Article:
“You used to kiss me,” she said; “you cannot kill a woman you used to kiss years ago. Oh, spare me, spare me!”
He set his lips and placed the muzzle of the pistol against her head. She shivered at the contact, and her teeth began to chatter.
He could not do it. He must let her go, and leave her to fate. After all, she could hurt him no more, for before another sun had set he would be beyond her reach.
His pistol hand fell against his side, and he looked down with loathing not unmixed with pity at the abject human snake who was writing at his feet.
She caught his eye, and her faculties, sharpened by the imminent peril, read relentment there. For the moment, at any rate, he was softened. If she could master him now while he was off his guard—he was not a very strong man! But the pistol——
Slowly, still groaning out supplications, she rose to her feet.
“Yes,” he said, “be quiet while I think if I can spare you,” and he half turned his head away from her. For a moment nothing was heard but the rush of the gale and the roll of the wheels running over and under bridges.
This was her opportunity. All her natural ferocity arose within her, intensified a hundred times by the instinct of self-protection. With a sudden blow she struck the pistol from his hand; it fell upon the floor of the carriage. And then with a scream she sprang like a wild cat straight at his throat. So sudden was the attack that the long lean hands were gripping his windpipe before he knew it had been made. Back she bore him, though he seized her round the waist. She was the heavier of the two, and back they went, crash against the carriage door.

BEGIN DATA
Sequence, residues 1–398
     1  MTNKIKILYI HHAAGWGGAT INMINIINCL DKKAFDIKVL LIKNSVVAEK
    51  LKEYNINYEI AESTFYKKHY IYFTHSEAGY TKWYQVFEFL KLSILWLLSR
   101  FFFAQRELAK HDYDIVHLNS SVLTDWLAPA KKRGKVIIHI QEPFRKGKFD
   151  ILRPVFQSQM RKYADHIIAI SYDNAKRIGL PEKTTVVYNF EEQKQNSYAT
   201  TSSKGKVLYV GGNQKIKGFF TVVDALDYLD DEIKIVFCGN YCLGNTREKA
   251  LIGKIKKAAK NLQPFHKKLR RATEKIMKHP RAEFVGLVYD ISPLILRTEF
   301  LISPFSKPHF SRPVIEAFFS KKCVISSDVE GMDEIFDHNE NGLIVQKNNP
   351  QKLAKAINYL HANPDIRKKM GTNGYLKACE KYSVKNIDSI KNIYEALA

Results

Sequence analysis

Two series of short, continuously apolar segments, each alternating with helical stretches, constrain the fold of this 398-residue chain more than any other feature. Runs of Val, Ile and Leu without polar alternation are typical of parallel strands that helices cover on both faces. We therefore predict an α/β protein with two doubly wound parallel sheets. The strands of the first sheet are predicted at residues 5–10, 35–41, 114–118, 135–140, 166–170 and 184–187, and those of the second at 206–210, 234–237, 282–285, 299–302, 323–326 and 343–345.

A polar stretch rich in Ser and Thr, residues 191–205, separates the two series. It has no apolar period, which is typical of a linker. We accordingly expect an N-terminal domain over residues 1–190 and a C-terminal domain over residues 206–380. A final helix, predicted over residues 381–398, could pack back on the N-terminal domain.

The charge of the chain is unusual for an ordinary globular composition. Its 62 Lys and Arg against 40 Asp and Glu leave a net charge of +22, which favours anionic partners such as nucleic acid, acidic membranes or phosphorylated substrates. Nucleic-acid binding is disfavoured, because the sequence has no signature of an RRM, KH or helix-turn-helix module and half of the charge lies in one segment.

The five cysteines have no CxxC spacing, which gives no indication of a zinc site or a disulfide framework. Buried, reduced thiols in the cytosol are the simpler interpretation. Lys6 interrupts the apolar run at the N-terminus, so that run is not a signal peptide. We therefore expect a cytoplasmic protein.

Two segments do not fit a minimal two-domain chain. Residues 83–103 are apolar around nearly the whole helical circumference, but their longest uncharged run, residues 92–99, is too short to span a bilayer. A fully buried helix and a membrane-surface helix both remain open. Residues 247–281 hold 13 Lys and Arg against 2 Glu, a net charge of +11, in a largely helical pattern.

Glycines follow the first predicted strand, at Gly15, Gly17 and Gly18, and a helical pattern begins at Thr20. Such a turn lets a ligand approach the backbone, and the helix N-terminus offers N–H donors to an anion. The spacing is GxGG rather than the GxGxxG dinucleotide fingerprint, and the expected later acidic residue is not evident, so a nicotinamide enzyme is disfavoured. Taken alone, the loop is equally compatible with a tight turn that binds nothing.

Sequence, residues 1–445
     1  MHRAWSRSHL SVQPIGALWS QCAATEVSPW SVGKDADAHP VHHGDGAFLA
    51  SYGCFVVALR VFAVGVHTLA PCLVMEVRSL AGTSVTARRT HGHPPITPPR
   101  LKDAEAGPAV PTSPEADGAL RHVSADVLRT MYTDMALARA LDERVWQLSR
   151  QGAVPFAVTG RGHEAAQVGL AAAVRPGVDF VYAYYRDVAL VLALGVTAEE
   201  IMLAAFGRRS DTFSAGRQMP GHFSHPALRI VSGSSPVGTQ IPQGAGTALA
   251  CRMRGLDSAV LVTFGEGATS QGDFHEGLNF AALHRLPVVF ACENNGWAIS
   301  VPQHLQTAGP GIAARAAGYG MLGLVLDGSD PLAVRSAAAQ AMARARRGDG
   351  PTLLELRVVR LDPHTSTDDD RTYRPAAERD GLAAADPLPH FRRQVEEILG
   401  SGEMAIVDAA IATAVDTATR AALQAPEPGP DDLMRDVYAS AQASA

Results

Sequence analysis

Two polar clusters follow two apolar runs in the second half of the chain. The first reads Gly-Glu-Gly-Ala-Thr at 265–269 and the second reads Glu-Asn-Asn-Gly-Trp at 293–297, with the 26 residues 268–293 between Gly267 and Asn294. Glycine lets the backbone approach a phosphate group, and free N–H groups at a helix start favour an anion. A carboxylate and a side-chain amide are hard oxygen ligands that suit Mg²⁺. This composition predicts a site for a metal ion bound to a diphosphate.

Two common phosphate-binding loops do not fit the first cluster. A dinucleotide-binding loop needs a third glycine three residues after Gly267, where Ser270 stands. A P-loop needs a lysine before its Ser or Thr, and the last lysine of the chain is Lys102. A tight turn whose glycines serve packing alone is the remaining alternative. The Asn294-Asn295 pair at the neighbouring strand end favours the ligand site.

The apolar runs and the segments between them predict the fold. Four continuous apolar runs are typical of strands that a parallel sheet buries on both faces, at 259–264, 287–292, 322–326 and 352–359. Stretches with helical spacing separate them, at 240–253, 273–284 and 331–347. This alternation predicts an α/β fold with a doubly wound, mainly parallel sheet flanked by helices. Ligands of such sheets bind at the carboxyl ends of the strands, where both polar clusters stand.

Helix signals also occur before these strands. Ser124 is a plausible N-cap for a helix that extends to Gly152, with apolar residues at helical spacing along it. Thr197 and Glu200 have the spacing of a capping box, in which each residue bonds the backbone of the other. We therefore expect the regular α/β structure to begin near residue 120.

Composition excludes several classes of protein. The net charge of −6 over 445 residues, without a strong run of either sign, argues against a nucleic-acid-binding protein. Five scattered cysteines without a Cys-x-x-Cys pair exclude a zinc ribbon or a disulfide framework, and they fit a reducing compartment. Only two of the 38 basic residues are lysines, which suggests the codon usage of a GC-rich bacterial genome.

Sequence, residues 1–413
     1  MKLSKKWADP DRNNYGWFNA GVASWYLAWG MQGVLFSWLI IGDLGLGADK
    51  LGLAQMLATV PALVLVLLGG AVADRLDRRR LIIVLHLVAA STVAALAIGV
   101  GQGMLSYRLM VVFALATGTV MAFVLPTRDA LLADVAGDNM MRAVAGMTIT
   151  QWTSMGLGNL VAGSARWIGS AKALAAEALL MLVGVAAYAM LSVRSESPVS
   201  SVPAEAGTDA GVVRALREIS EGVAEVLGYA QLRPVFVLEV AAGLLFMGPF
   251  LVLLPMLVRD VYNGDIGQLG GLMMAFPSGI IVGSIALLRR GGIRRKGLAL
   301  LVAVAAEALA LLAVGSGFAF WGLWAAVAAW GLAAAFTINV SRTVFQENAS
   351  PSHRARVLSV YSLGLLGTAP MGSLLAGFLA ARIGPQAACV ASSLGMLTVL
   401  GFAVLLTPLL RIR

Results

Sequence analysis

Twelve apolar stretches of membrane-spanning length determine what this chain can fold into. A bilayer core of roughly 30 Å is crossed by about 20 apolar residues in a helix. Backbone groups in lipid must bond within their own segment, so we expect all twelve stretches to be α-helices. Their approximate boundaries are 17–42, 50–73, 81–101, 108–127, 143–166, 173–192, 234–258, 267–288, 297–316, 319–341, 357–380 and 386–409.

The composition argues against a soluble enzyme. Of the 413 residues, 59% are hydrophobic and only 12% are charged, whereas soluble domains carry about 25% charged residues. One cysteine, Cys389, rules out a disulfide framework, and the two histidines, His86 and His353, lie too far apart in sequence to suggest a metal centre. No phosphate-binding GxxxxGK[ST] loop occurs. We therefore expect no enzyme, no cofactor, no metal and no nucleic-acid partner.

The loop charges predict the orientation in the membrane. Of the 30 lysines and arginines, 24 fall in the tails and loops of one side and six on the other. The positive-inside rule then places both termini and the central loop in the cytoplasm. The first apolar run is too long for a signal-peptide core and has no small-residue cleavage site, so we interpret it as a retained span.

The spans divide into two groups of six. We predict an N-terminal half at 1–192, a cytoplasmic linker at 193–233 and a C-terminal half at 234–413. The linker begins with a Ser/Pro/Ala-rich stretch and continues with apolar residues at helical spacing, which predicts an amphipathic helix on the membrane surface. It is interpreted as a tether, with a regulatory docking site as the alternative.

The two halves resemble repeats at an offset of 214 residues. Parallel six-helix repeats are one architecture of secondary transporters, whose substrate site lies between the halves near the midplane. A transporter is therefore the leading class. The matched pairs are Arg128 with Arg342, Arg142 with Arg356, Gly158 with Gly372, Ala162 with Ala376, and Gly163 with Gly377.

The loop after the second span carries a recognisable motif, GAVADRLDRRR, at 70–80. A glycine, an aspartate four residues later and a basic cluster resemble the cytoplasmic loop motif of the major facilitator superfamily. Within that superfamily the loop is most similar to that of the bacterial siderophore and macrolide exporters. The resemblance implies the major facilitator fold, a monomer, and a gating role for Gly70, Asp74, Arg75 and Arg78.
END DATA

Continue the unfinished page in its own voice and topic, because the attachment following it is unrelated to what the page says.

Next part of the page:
It gave! Oh, God, the worn catch gave! Out together, out with a yell of despair into the night and the raging gale; down together through sixty feet of space into the black river beneath. Down together, deep into the watery depths—into the abyss of Death.
The train rushed on, the wild winds blew, and the night was as the night had been. But there in the black water, though there was never a star to see them, there, locked together in death as they had been locked together in life, the fierce glare of hate and terror yet staring from their glazed eyes, two bodies rolled over and over as they sped silently towards the sea.
Ten days had passed. The tragedy had echoed through all the land. Numberless articles and paragraphs had been written in numberless papers, and numberless theories had been built upon them. But the echoes were already beginning to die away. Both actors in the dim event were dead, and there was no pending trial to keep the public interest alive.
The two corpses, still linked in that fierce dying grip, had been picked up on a mudbank. An inquest had been held, at which an open verdict was returned, and they were buried. Other events had occurred, the papers were filled with the reports of new tragedies, and the affair of the country lawyer who committed bigamy and together with his lawful wife came to a tragic and mysterious end began to be forgotten.